The Rhythm of the Tide

I was made on a beach in Mexico south of the tourist town of Puerto Nuevo beneath a sky full of fireworks. That is how my parents would recount it, at least, every time that we passed the beach on camping trips to the Baja peninsula during my childhood. Puerto Nuevo is not such a new port anymore and all I really seem to hear about it is that the lobsters aren’t as big or as cheap as they once were. Nothing ever is. Still, that didn’t stop my friends and I from staying there for a weekend in July in a house the color of rust on a bumpy street labeled, “Vacacionistas.” The house sat in a tourist community situated atop a bluff alongside the ocean. Stairs cut through the sandstone down to the beach where the rubber edges of car tires poked through the concrete, washed clean by the steady crashing of the waves. The beach, in both directions, was carpeted with stones, a thick layer of rocks smoothed by tidal repetition. Every time a wave washed over them, it pulled a cavalry of stone back towards the ocean with the reverberating crack of a firework. For a moment, I legitimately thought someone was setting off fireworks. But the consistency of the swell gave itself away: the woosh of water followed by the impact of stone.

The first time I applied for a Fulbright Fellowship I began my Personal Statement with a sentence akin to the opening of this blog post. It was an attempt to establish some sort of personal connection to the country of Mexico worthy of receiving a one-year teaching assistantship. Needless to say, my conception did not prove entirely convincing, and I ended up in Mozambique instead of Mexico. The second time I applied for a Fulbright Fellowship, I didn’t talk about myself; I talked about Aikina Nachala Sevene, my host sister from Mozambique, in what was essentially an edited version of this blog post. As a result of that essay, and the accumulation of two years of experiences in austral Africa, the U.S. Fulbright Commission granted me a fellowship to return to Mozambique for nine months of creative writing. I leave in exactly two weeks.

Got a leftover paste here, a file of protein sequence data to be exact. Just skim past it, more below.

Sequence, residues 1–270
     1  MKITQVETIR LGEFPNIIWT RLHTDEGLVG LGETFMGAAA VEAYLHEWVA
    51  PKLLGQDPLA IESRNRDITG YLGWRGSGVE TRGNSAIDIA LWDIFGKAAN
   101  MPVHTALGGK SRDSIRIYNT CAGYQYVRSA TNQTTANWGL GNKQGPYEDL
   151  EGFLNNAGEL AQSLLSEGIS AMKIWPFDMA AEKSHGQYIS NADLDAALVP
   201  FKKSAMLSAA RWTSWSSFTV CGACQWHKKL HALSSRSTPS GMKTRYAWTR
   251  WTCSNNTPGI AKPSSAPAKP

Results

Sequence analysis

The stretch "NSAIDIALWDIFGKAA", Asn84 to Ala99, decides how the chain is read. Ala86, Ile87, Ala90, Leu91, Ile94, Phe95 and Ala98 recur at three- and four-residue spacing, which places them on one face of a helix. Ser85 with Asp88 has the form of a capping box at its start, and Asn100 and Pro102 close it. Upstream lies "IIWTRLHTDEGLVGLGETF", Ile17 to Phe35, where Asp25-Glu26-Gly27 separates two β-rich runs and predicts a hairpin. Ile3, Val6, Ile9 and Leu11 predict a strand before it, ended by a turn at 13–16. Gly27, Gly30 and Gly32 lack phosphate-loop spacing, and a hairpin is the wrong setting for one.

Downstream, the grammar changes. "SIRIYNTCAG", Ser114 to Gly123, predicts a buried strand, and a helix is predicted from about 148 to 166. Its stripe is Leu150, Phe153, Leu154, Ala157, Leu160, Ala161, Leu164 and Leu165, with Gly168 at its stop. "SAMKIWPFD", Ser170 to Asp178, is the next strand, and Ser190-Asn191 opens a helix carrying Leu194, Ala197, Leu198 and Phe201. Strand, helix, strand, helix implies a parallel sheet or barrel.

The majority of my friends and loved ones in America respond to this news with a single word: why? Followers of this blog, and anybody who eats a meal with me, know that my first two years in Africa left behind physical consequences. San Diego, bless her heart, has been kind to me and my body now operates at levels equivalent to, or higher than, my pre-Peace Corps form. But I cannot stay. At various points in my life growth has been thrust upon me like an ocean wave that dragged me from a position of comfort and forced me into new depths of personal understanding. Mozambique, undoubtedly, was the biggest of those waves. She did not merely drag me; she broke me. She found the fault lines in both my physical and – more importantly – mental identity, and she ruptured them. And once I lay cracked and broken along the shore, she taught me how to rebuild myself. Mozambique made me into the man I am today. She taught me self-reliance. I feel just as at home along the streets of her capital or the backroads of her most isolated province as I do sitting at this cafe two blocks from my childhood home. I would not say (nor would my friends, I don’t think) that I’m a drastically different person, simply more comfortable with who I am and of what I am capable. I have seen myself emaciated, holding onto an enormous bunch of bananas for twelve hours in a bus oceans from home en route to a hospital, bleeding from the inside. I did, in a very physical sense, rebuild this body.